Changing the face of academic medicine

September 30, 2004

Academic medicine is failing to drive innovation and excellence in clinical practice, argue an international group of leading medical academics, in this week's BMJ.

They believe that academic medicine is failing to carry out its key roles of research, teaching, and patient care, and have developed a plan of action to tackle these problems. "We need a new vision for academic medicine," they write. "We need to articulate and demonstrate the economic and social value that academic medicine provides. And we need a global perspective."

Others question how academic medicine deals with gender issues. Researchers in the United States argue that improving gender equity (fairness and justness) rather than gender equality (equal numbers of men and women) is essential for a revitalised academic medicine, a strengthened health workforce, and improved public health.

Canadian doctors discuss conflicts involving academic freedom, while two editorials highlight how academic medicine can help improve health in developing countries.

Finally, in a letter to the BMJ, several authors argue that the governance of academic medicine should be turned over to public trustees. They ask: "If academic medicine exists to promote the public interest, is it not time to grant patients and the public at large a controlling interest in setting priorities and overseeing operations?"
-end-


BMJ

Related Academic Medicine Articles from Brightsurf:

Representation of female authors in family medicine academic journals is trending upward
After decades of underrepresentation in medicine, women are now entering many specialties in the United States, including family medicine, at higher rates than men.

Social networks can support academic success
Social networks have been found to influence academic performance: students tend to perform better with high-performers among their friends, as some people are capable of inspiring others to try harder, according to Sofia Dokuka, Dilara Valeyeva and Maria Yudkevich of the HSE University.

Peer mentorship can be more effective, accessible than traditional mentorship in academic medicine
Peer mentorship is a critical and more accessible option for professional and personal growth than traditional mentor-mentee relationships, according to a new paper from the University of Colorado Anschutz Medical Campus.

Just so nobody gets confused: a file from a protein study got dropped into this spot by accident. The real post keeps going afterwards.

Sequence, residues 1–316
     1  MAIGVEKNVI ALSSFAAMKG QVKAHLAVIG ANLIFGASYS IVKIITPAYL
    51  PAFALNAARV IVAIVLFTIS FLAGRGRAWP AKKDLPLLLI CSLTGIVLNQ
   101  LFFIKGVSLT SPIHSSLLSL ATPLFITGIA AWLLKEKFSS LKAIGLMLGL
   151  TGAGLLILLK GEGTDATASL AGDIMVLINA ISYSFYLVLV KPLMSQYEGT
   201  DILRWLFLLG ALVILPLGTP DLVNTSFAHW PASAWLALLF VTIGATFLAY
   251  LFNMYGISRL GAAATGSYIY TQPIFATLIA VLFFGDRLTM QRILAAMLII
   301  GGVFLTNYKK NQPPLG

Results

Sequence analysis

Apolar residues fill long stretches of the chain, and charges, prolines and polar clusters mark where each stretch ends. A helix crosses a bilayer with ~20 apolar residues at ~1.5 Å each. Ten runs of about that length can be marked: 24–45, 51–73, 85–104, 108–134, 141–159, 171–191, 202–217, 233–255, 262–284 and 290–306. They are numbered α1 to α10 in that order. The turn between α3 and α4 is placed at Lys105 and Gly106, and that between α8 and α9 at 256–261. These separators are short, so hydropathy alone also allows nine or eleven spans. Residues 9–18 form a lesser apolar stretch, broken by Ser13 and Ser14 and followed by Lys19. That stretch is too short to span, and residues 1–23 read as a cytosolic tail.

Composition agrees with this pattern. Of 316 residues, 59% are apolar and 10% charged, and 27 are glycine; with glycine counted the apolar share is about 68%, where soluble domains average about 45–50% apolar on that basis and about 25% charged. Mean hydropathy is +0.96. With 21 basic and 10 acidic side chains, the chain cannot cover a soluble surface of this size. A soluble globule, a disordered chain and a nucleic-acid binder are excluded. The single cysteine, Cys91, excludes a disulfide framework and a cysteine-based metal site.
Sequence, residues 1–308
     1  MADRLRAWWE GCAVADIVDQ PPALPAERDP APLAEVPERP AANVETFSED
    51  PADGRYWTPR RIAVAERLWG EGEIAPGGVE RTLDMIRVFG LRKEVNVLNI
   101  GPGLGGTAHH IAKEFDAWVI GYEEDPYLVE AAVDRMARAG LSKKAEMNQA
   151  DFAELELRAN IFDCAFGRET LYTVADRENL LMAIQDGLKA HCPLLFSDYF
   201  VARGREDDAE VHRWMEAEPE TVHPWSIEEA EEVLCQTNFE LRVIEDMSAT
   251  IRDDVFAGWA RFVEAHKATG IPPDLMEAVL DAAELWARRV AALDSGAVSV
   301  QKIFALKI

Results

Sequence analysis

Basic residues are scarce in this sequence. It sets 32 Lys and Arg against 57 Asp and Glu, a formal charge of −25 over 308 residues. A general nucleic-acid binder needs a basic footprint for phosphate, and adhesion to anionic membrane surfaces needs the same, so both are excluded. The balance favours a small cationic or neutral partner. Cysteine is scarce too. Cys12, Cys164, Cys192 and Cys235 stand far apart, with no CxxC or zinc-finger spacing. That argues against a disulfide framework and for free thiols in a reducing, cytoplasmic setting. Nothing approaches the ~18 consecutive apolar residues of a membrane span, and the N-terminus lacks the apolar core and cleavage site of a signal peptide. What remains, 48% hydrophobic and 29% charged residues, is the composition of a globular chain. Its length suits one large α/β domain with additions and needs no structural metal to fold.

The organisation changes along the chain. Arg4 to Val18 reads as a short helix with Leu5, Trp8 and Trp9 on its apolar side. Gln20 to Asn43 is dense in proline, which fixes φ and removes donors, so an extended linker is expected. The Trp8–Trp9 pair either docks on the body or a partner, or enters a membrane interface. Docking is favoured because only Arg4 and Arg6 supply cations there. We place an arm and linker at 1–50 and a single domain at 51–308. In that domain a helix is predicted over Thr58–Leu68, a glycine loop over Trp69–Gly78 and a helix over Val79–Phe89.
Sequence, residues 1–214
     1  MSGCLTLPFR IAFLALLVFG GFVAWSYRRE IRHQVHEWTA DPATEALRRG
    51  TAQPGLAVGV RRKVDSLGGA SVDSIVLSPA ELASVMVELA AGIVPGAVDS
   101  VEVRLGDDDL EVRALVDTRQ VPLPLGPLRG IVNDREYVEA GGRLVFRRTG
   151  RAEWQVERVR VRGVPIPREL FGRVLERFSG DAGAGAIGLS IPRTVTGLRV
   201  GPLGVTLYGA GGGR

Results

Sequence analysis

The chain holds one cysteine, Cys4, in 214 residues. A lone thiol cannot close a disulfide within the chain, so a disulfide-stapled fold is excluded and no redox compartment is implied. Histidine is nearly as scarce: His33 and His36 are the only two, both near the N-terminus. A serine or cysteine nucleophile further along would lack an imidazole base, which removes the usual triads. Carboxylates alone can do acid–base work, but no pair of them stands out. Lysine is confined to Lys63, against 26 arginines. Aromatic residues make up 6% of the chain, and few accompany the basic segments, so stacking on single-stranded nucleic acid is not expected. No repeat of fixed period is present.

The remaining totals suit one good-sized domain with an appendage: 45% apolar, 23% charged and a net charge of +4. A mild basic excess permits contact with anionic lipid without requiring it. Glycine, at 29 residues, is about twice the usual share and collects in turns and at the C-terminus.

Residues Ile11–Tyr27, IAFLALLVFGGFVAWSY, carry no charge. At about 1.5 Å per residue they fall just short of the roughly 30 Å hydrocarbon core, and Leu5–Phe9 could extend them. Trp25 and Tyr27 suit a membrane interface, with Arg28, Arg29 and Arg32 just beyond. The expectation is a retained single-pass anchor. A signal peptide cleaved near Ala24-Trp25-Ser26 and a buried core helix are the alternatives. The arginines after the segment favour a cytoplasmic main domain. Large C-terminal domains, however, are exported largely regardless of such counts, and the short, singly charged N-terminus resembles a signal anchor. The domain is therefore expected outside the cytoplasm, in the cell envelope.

Is COVID-19 widening the gender gap in academic medicine?
A new study finds that fewer women were first authors on COVID-19-related research papers published in the first half of this year.

Women underrepresented in academic hospital medicine leadership roles, study finds
Of academic hospital medicine programs, 79% are run by men, Johns Hopkins researchers report in a new paper published March 3 in the Journal of General Internal Medicine, and male hospitalist leaders are more likely to have attained the rank of full professor than women leaders.

Academic emergency departments are always open to all who need care
''Academic emergency departments never deny emergency care to any person.'' That is the statement put forth in a commentary from the Board of Directors of the Society for Academic Emergency Medicine and the Senior Editorial Board of Academic Emergency Medicine journal.

Women paid less than men even at highest levels of academic medicine, study finds
Women who chair clinical departments at public medical schools are paid an average of 88 cents for every dollar paid to their male counterparts, or about $70,000 to $80,000 less per year, researchers at the Stanford University School of Medicine and UC San Francisco report.

NUS Medicine researchers can reprogramme cells to original state for regenerative medicine
Scientists from NUS Medicine have found a way to induce totipotency in embryonic cells that have already matured into pluripotency.

Study busts 9 to 5 model for academic work
An observational study of academic working hours has identified large differences in how researchers around the world manage their work-life balance.

Women have substantially less influence on Twitter than men in academic medicine
Women who are health policy or health services researchers face a significant disparity in social media influence compared to their male peers, according to a new study.

Read More: Academic Medicine News and Academic Medicine Current Events
Brightsurf.com is a participant in the Amazon Services LLC Associates Program, an affiliate advertising program designed to provide a means for sites to earn advertising fees by advertising and linking to Amazon.com.